The more complete chronology was first published on Wednesday June 3rd, 2009 by Brazil's O Estado de S. Paulo newspaper, citing an unidentified Air France source. The Associated Press confirmed the information with an industry official who had knowledge of the investigation. The official spoke on condition of anonymity because he was not authorized to discuss details of the probe. According to the official, here's what's believed to have happened:
The last manual message from the pilot of Air France Flight 447 indicated the plane was headed into a storm. At 11:00 P.M., the pilot manually signaled that he was entering an area of "CBs" — black, electrically charged cumulonimbus clouds that come with violent winds and lightning. Satellite data examined after the fact showed towering thunderheads sending 100 mph updraft winds into the jet's flight path.
Ten minutes later (11:10 P.M.) a flurry of automated messages began: The autopilot had disengaged, a key computer system had switched to alternative power. Controls needed to keep the plane stable had been damaged. An alarm sounded indicating which flight systems had deteriorated.
Three minutes after that (11:13 P.M.), systems needed to monitor air speed, altitude and direction failed, and then the main flight computer and wing spoilers failed as well.
The last message, at 11:14 P.M. reported loss of cabin pressure and complete electrical failure — catastrophic events in a plane that was likely already plunging toward the ocean.
"This clearly looks like the story of the airplane coming apart," the official said. "We just don't know why it did, but that is what the investigation will show." At this time, they cannot be sure if the plane broke apart upon ocean impact, or if it began breaking apart in mid-air.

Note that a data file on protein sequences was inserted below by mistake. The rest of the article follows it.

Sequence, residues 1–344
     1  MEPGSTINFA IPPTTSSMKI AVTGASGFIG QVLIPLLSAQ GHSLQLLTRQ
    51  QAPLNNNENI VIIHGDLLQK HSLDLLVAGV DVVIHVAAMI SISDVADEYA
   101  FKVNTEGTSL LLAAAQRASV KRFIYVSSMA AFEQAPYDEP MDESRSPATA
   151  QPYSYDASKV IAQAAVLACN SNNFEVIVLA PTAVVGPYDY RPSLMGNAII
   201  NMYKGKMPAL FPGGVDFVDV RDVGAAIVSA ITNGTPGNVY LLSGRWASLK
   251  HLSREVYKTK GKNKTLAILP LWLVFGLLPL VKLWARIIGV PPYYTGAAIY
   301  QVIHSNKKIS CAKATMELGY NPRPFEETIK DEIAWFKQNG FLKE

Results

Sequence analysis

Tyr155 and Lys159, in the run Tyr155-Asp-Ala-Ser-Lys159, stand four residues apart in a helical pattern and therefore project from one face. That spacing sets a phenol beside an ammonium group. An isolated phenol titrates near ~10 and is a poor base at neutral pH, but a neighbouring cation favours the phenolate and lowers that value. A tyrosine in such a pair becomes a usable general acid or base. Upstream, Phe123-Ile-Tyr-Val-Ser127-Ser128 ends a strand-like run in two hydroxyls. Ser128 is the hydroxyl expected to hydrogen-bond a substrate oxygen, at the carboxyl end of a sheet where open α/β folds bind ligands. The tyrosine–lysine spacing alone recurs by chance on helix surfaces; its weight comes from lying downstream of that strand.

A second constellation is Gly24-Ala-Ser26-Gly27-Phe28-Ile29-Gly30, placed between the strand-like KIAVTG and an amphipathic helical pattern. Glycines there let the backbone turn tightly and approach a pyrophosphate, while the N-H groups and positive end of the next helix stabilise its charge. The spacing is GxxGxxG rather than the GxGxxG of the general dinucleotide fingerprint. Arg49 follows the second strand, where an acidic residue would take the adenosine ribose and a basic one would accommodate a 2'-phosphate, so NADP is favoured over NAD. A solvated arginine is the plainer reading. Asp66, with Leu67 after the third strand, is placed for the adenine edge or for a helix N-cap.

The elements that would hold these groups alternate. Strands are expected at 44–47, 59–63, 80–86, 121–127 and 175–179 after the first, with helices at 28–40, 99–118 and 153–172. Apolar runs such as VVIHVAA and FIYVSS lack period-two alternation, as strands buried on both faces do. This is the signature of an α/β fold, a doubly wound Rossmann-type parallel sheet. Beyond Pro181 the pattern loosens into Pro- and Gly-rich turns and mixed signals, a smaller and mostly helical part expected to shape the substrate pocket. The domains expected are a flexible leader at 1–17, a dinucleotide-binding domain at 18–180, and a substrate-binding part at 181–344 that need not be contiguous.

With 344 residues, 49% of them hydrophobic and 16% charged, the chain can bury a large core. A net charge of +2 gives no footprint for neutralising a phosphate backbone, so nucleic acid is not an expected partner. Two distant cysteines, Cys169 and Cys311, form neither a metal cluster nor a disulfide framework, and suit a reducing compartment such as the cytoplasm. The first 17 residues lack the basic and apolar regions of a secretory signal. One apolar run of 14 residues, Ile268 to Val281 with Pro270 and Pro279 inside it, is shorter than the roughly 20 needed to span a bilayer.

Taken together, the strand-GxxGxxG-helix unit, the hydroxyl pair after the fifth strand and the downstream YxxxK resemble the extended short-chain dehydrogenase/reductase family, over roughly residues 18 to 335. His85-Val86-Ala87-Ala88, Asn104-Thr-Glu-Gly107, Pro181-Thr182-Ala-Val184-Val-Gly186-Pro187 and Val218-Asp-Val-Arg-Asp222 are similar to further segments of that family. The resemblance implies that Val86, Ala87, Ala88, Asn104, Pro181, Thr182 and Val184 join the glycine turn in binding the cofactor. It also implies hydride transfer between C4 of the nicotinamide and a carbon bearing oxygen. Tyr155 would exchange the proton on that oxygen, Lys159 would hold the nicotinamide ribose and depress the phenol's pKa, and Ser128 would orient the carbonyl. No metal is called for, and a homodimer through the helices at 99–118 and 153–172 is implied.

To determine why the mishap occurred, the black box must be located. The lead French investigator, Paul-Louis Arslanian, is not optimistic; he said the black boxes might never be found due to fierce tropical weather and undersea mountains and valleys that drop as much as three miles down. The black boxes, which are designed to survive crushing ocean depths, only emit a signal for 30 days. A French research ship with remotely controlled submersibles that can explore as deeply as 19,600 feet (6,000 meters) is scheduled to arrive in the area next week. But ocean depths in the area reach nearly 23,000 feet.
The presence of a 12-mile-long oil slick in the crash area is stifling official speculation about terrorism, since oil stains on the water might exclude the possibility of an explosion, meaning little chance of a fire. However, an anonymous Air France pilot thinks differently. According to this story in NewstrackIndia and also in Metro.co.uk and the Daily Star, the pilot says that it is "highly likely" that flight AF447 may have been blown up by a terrorist bomb. The pilot dismissed the theory the doomed jet suffered catastrophic electrical failure. He also ruled out suggestions that the pilot of the Rio de Janeiro to Paris flight had tried to land on the sea.
He backed up his contention by saying that Air France received a telephone threat against a flight from Argentina to Paris just four days before AF447 vanished without sending a May Day message. He also stated that "If there was an explosion on board, the wreckage would have been spread over a very wide area, as it was. So in my opinion there is no other option than the highly likely theory that a bomb went off on the plane - perhaps even a large bomb that destroyed it in mid-air leaving no chance to send a message."
However, the terrorist theory raises two puzzling questions. First, why has no one taken responsibility? Terrorists are attention whores - they're always looking for headlines. Second, why target Brazil, or for that matter, even France. Yes, France has had domestic problems with their Muslims torching the suburbs, but I don't see why a terrorist organization would target France at this time.